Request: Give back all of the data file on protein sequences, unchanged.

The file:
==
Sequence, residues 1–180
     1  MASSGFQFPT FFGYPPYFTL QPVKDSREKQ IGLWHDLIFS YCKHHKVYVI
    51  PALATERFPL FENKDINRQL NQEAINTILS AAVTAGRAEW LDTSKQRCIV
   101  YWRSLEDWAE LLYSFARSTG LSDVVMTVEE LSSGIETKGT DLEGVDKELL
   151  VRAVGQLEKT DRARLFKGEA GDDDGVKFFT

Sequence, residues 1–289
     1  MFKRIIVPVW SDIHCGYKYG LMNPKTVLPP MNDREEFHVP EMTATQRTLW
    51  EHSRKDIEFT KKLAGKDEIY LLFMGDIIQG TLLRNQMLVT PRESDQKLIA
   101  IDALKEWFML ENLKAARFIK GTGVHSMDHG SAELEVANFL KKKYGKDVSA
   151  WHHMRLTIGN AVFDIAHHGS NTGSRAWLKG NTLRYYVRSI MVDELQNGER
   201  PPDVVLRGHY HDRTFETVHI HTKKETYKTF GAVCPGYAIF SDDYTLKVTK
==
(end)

Sequence, residues 1–180
     1  MASSGFQFPT FFGYPPYFTL QPVKDSREKQ IGLWHDLIFS YCKHHKVYVI
    51  PALATERFPL FENKDINRQL NQEAINTILS AAVTAGRAEW LDTSKQRCIV
   101  YWRSLEDWAE LLYSFARSTG LSDVVMTVEE LSSGIETKGT DLEGVDKELL
   151  VRAVGQLEKT DRARLFKGEA GDDDGVKFFT

Sequence, residues 1–289
     1  MFKRIIVPVW SDIHCGYKYG LMNPKTVLPP MNDREEFHVP EMTATQRTLW
    51  EHSRKDIEFT KKLAGKDEIY LLFMGDIIQG TLLRNQMLVT PRESDQKLIA
   101  IDALKEWFML ENLKAARFIK GTGVHSMDHG SAELEVANFL KKKYGKDVSA
   151  WHHMRLTIGN AVFDIAHHGS NTGSRAWLKG NTLRYYVRSI MVDELQNGER
   201  PPDVVLRGHY HDRTFETVHI HTKKETYKTF GAVCPGYAIF SDDYTLKVTK